Global Focus: India

Whether your supply chain is ready for India might not be as important a question as whether India is ready for your supply chain


India's ports, too, suffer from underdeveloped infrastructure. Kenneth Glenn, president for South Asia at logistics company APL, noted in a speech before the Southern Asia Ports, Logistics and Shipping conference in Mumbai earlier this year, that the country currently lacks a port that can handle vessels of at least 6,000 twenty-foot equivalent units (TEUs), which will account for about one-quarter of world container capacity by 2008. "When India's ports are assessed against the attributes of a world-class port, they do not stack up well, lacking many of the characteristics international ship operators look for in order to increase vessel calls," Glenn told the audience at the conference. He added that currently the cost of transporting one TEU over a distance of one kilometer in India is 53 percent higher in India than in the United States.

In this regard, experts point to China as an example for India to follow, noting that the People's Republic faced similar infrastructure issues a decade ago but made the investments necessary to drive its ongoing economic boom. China's efforts clearly have paid off, producing $60 billion in foreign direct investment in 2005 alone, compared to $50 billion in foreign investment in India for the entire period since 1991. India's government apparently has recognized the drag that the country's poor infrastructure is putting on its economy and recently has pledged to step up investments. Earlier this year Prime Minister Manmohan Singh said that the country needed some $320 billion in investments in roads, ports and other infrastructure to accelerate the economy's growth. How soon those investments are made, and how effective they will be, however, remains to be seen.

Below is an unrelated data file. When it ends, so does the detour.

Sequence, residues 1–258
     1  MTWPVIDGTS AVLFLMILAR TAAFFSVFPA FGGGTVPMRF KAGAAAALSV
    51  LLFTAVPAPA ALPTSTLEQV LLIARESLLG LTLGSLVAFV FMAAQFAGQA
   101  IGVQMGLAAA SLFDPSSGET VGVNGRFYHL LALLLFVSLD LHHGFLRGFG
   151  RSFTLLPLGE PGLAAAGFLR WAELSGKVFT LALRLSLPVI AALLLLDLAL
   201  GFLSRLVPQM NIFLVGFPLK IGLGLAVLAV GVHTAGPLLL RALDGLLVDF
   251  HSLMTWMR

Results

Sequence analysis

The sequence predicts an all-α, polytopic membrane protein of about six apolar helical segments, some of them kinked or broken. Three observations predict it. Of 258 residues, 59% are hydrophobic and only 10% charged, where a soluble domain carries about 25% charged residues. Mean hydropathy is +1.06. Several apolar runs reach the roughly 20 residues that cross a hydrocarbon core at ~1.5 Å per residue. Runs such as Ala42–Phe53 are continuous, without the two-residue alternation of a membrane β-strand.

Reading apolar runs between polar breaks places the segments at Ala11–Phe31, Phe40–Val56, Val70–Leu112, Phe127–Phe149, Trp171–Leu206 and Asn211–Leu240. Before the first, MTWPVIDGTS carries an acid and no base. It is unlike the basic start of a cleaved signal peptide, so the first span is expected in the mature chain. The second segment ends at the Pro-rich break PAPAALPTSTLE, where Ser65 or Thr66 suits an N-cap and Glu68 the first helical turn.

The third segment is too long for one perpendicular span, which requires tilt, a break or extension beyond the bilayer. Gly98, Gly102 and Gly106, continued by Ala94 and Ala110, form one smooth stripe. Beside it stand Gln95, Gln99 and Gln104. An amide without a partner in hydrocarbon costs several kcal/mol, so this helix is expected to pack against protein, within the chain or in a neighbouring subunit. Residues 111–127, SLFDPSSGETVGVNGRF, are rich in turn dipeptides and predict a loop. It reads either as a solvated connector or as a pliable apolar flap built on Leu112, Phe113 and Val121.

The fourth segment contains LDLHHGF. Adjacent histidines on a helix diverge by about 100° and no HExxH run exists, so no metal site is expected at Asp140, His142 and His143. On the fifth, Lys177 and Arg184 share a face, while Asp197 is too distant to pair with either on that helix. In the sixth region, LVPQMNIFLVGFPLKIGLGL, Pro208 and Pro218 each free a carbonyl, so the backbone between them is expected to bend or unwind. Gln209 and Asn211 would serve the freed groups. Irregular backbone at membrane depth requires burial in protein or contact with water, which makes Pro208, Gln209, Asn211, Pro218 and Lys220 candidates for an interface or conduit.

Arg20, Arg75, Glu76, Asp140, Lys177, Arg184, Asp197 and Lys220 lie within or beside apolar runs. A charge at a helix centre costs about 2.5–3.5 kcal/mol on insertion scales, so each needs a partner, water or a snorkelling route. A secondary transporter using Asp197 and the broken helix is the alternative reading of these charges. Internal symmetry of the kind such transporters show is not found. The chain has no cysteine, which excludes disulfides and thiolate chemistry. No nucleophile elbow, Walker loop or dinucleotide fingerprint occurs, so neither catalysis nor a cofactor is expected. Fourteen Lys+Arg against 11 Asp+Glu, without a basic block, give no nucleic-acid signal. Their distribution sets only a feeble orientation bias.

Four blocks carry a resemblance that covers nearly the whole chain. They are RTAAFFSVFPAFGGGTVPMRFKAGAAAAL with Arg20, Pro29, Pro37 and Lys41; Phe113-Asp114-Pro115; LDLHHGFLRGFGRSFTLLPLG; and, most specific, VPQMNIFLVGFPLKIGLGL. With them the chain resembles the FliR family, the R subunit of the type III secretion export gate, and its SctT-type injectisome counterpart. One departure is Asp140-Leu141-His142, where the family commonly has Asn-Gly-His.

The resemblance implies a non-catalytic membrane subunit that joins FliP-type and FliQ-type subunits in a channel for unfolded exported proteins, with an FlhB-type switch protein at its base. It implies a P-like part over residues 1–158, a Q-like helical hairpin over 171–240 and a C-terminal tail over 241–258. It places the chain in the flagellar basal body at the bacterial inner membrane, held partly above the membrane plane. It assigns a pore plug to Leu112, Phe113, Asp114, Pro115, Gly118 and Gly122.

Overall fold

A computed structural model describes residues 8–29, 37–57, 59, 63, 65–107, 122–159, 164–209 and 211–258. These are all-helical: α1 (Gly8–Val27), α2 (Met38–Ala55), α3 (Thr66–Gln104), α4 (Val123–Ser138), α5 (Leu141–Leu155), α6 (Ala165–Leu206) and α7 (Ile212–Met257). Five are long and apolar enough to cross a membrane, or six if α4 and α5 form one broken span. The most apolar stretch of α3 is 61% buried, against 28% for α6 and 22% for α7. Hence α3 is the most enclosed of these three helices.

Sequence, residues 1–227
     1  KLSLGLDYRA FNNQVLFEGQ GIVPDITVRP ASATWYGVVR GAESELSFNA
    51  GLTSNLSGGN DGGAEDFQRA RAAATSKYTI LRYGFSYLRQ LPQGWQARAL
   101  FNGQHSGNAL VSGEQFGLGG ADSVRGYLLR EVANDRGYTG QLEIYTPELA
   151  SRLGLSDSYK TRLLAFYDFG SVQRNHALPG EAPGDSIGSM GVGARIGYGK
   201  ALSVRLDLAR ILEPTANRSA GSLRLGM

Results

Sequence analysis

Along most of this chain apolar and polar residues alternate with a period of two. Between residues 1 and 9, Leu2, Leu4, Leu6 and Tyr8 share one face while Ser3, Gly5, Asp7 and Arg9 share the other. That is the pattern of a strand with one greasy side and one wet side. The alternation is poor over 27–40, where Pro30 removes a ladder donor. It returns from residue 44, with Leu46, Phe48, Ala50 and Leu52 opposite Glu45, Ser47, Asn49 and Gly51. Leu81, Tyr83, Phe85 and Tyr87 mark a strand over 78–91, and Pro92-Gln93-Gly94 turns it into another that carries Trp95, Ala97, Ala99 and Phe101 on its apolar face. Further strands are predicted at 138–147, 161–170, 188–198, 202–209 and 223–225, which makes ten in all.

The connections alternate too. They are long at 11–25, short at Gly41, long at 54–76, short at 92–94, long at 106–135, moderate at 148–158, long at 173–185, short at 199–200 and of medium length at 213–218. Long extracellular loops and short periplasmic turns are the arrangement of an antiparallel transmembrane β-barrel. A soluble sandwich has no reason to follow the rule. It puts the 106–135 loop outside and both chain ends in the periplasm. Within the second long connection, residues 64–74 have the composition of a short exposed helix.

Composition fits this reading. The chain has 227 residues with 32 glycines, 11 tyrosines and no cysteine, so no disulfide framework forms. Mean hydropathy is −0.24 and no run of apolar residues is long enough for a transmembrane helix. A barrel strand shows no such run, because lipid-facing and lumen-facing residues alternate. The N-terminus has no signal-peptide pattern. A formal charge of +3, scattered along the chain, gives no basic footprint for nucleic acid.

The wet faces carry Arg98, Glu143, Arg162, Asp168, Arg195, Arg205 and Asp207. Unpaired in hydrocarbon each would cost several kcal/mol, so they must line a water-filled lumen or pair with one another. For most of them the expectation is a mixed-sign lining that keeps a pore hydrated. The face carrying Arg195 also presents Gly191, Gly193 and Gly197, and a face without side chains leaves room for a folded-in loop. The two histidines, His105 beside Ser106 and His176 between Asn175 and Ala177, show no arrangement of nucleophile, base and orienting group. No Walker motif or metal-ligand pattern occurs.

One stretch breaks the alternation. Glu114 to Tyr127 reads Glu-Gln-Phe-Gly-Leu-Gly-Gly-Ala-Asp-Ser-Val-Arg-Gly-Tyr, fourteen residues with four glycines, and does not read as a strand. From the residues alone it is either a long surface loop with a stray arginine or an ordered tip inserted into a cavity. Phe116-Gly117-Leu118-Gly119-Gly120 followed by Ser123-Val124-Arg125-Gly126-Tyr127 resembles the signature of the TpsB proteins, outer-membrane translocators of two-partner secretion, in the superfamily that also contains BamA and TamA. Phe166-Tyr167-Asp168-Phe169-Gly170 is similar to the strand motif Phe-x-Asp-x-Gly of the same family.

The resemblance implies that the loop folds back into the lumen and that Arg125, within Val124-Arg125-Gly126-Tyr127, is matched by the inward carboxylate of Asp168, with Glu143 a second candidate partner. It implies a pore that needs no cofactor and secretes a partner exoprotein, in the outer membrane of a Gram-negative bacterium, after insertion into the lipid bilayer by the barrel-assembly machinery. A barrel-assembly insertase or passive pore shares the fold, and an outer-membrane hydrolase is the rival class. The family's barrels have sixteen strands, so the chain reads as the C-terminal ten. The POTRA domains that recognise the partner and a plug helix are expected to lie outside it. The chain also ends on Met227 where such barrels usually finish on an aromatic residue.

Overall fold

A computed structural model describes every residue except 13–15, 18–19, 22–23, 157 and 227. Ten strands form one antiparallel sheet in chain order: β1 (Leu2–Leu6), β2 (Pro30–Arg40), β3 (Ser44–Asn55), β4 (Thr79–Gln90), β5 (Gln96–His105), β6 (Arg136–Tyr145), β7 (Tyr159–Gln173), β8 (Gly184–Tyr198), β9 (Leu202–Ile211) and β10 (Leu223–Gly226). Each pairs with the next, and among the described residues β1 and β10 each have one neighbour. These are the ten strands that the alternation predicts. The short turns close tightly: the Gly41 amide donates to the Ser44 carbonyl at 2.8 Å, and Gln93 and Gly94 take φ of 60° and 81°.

The Inevitable Change

Finally, enterprises looking to set up supply chains in India must be prepared for a low level of technology adoption by many of their potential partners in the country. Infosys' Kumar points out that while India has justly earned a reputation as a hub for information technology development, most Indian companies are running homegrown applications, if they're running anything at all. "The typical approach is to build up IT capabilities with the most basic functionality," Kumar says. "For example, in a manufacturing environment, you might have an MRP [manufacturing resource planning] system running the planning, but beyond that there would be very little in the way of B2B integration, like EDI [electronic data interchange]." Consequently, most firms lack the capability, for example, to collect the data necessary to support sophisticated forecasting models, or, more generally, to provide any level of automated interaction with supply chain partners.

Add in concerns about excessive bureaucratic red tape, an erratic power grid, widespread poverty and potential geopolitical instability, and India presents a mixed picture for Western enterprises considering setting up operations to serve the local market. And yet Kumar, for one, is optimistic that India is headed in the right direction, if only because the increasing consumerization of the middle class is driving enough rupees into the marketplace to create an irresistible draw for global companies looking to boost their bottom lines by expanding into new frontiers. This, in turn, is creating demand for higher levels of supply chain capability, driving investment into critical areas requiring improvement. "The pressure on the logistics side is very, very high, so the entire logistics industry needs to undergo change, and I think that is already happening," Kumar concludes.


Companies Mentioned in This Article

APL Logistics
India Supply Chain Council
Infosys
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